The First Day of ESL/EFL Class
The first day of ESL/EFL class is one of the most important days for teachers and students. It sets the tone for the rest of the course or semester. Good first impressions are vital for establishing a rapport. You need to make sure you connect with your students. You and the students will both feel excited and a little anxious, so having a well-prepared first lesson helps create a positive learning environment for everyone. Here are a few steps to help you and the students get the most out of the first class.
When you introduce yourself to the class, you are starting to build a relationship between you and the students. The students will be interested to know who you are and what you are like. You should introduce yourself and give some background information about who you are. Students can then relate to you and it shows you are a human being after all. This is also an opportunity to establish your own credibility. Tell the class about your teaching experience and knowledge of ESL/EFL. This will give the students confidence in your teaching ability. There are many ways you can introduce yourself. Turning your introduction into a game the students can participate in is an excellent way to introduce yourself. The Who am I game is not only great for introducing yourself, but you can also gain an insight into your students' level of English. Teacher's Question Time is another entertaining way to introduce yourself to the class. This game provides the students with a chance to write and respond to a variety of questions.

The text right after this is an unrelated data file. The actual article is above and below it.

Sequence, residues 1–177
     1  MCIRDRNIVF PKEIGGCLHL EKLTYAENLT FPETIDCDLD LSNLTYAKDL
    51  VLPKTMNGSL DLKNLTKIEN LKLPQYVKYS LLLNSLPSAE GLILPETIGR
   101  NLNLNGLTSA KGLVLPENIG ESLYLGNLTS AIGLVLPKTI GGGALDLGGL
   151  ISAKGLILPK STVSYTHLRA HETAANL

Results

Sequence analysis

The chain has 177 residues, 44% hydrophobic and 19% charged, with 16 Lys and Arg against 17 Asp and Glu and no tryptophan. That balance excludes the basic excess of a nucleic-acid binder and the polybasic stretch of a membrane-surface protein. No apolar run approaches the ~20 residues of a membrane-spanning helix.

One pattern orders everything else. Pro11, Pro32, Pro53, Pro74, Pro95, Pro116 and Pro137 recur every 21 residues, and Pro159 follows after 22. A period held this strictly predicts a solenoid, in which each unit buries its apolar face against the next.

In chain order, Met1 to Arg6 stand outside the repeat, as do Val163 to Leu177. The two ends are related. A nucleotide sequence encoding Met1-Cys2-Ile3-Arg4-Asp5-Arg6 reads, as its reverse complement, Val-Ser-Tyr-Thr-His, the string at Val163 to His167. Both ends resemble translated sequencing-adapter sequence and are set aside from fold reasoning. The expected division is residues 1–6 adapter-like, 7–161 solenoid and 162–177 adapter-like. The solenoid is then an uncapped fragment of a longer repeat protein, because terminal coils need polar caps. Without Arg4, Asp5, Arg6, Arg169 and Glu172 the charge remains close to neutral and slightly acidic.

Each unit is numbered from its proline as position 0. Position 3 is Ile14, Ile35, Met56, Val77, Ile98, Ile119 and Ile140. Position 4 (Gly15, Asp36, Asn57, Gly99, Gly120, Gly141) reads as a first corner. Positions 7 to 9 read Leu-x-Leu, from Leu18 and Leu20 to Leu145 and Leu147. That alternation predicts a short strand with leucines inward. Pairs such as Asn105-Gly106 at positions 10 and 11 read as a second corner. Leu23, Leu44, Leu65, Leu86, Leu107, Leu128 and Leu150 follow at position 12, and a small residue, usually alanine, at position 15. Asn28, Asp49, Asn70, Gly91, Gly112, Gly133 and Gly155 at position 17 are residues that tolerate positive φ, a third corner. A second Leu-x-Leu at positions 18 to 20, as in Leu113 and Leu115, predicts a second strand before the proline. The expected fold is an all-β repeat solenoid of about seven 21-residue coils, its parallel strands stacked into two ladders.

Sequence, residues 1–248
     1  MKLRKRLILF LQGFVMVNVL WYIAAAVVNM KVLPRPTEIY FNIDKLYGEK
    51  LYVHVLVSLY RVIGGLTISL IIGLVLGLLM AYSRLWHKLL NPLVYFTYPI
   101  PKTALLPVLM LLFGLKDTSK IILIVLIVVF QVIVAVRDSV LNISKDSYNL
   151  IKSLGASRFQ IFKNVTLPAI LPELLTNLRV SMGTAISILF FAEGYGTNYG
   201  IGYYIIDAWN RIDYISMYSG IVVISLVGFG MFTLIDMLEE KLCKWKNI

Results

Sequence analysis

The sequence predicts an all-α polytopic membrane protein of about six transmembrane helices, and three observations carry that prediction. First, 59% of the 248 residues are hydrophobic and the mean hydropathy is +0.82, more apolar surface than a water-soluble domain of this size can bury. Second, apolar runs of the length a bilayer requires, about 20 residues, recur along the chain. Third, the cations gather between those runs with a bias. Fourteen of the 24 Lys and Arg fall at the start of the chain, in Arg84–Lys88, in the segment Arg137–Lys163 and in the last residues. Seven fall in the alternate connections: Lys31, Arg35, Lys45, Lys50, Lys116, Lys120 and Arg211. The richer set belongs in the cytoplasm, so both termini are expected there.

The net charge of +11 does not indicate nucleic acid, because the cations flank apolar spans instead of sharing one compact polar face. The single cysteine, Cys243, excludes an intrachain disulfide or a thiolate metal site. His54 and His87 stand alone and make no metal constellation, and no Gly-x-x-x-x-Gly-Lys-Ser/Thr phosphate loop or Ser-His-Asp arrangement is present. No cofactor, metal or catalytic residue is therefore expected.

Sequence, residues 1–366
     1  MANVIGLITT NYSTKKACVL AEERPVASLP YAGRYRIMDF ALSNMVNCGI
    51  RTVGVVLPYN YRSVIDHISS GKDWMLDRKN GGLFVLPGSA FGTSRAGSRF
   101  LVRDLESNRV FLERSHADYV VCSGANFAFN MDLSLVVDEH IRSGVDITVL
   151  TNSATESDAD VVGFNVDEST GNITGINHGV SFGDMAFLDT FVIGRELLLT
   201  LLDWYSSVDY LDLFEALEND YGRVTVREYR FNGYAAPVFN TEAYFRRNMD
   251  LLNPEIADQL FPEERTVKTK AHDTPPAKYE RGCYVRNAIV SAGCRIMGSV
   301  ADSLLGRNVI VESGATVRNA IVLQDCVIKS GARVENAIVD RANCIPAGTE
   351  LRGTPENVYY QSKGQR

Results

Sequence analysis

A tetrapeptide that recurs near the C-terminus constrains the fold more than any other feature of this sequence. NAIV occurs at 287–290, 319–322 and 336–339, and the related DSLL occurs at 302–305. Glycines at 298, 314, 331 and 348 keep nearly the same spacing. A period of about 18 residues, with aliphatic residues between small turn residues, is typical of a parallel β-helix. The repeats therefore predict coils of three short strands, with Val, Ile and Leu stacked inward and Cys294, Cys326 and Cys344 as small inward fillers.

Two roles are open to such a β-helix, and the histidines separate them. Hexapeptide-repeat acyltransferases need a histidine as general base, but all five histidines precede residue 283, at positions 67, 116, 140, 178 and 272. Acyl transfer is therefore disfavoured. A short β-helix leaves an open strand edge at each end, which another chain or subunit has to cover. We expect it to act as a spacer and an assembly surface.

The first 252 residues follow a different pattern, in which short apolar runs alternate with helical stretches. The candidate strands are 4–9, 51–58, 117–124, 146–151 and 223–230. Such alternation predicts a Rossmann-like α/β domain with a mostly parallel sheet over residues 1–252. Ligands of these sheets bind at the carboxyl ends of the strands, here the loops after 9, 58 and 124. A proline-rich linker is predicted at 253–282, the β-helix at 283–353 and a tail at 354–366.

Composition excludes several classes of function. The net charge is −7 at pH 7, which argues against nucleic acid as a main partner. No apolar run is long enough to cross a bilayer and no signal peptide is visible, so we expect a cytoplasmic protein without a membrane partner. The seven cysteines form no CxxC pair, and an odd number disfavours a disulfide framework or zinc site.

Get your students involved
Your ESL/EFL students need to understand that they will be active participants in your class. Asking them to introduce themselves, ask you a question, talk about their expectations for the course, or introduce a partner are all good activities for the first class. Try to keep all the activities you do in the first lesson light and fun. Starting off with book work or a boring grammar lesson will kill the classroom dynamics. Have a look at our Introductions and Giving Personal Information section for some fun activities to use in the first lesson.